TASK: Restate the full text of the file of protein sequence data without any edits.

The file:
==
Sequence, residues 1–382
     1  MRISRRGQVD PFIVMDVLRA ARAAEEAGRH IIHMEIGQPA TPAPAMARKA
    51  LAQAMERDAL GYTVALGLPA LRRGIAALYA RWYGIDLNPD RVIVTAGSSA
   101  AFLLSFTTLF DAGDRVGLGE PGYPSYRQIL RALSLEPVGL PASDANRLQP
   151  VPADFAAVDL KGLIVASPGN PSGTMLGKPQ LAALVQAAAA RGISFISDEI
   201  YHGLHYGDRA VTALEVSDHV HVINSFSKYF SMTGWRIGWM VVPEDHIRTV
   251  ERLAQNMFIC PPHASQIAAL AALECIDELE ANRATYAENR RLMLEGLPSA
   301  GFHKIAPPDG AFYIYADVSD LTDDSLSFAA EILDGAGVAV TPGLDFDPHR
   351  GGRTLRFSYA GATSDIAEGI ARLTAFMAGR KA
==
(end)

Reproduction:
Sequence, residues 1–382
     1  MRISRRGQVD PFIVMDVLRA ARAAEEAGRH IIHMEIGQPA TPAPAMARKA
    51  LAQAMERDAL GYTVALGLPA LRRGIAALYA RWYGIDLNPD RVIVTAGSSA
   101  AFLLSFTTLF DAGDRVGLGE PGYPSYRQIL RALSLEPVGL PASDANRLQP
   151  VPADFAAVDL KGLIVASPGN PSGTMLGKPQ LAALVQAAAA RGISFISDEI
   201  YHGLHYGDRA VTALEVSDHV HVINSFSKYF SMTGWRIGWM VVPEDHIRTV
   251  ERLAQNMFIC PPHASQIAAL AALECIDELE ANRATYAENR RLMLEGLPSA
   301  GFHKIAPPDG AFYIYADVSD LTDDSLSFAA EILDGAGVAV TPGLDFDPHR
   351  GGRTLRFSYA GATSDIAEGI ARLTAFMAGR KA